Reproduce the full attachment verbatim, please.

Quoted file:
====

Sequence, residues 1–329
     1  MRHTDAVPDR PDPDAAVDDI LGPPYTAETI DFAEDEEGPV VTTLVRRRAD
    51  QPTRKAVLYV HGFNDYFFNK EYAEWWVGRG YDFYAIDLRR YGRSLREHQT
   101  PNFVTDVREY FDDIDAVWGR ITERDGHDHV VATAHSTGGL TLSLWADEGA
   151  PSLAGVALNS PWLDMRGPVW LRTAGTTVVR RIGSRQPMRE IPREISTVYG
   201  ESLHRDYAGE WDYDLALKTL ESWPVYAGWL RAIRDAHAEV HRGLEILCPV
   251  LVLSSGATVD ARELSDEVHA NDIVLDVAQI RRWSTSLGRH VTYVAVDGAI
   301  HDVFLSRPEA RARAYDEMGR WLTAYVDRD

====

Sequence, residues 1–329
     1  MRHTDAVPDR PDPDAAVDDI LGPPYTAETI DFAEDEEGPV VTTLVRRRAD
    51  QPTRKAVLYV HGFNDYFFNK EYAEWWVGRG YDFYAIDLRR YGRSLREHQT
   101  PNFVTDVREY FDDIDAVWGR ITERDGHDHV VATAHSTGGL TLSLWADEGA
   151  PSLAGVALNS PWLDMRGPVW LRTAGTTVVR RIGSRQPMRE IPREISTVYG
   201  ESLHRDYAGE WDYDLALKTL ESWPVYAGWL RAIRDAHAEV HRGLEILCPV
   251  LVLSSGATVD ARELSDEVHA NDIVLDVAQI RRWSTSLGRH VTYVAVDGAI
   301  HDVFLSRPEA RARAYDEMGR WLTAYVDRD